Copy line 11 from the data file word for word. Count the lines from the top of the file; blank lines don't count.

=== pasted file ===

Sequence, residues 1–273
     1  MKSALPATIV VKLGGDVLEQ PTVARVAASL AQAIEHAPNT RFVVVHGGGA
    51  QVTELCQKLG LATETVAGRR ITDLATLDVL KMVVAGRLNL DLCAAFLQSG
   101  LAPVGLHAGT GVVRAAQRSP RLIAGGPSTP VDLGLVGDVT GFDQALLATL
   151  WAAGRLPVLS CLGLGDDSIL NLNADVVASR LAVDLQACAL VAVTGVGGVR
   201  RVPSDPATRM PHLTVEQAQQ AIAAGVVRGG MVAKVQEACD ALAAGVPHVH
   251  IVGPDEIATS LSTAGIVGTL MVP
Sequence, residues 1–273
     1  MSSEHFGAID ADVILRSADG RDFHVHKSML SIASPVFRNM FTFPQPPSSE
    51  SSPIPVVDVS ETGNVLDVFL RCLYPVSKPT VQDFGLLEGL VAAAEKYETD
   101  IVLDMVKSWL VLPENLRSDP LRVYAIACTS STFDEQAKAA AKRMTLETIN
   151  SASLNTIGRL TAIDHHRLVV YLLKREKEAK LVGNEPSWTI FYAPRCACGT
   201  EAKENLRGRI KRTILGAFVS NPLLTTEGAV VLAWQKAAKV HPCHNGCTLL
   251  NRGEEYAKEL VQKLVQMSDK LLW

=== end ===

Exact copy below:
   101  IVLDMVKSWL VLPENLRSDP LRVYAIACTS STFDEQAKAA AKRMTLETIN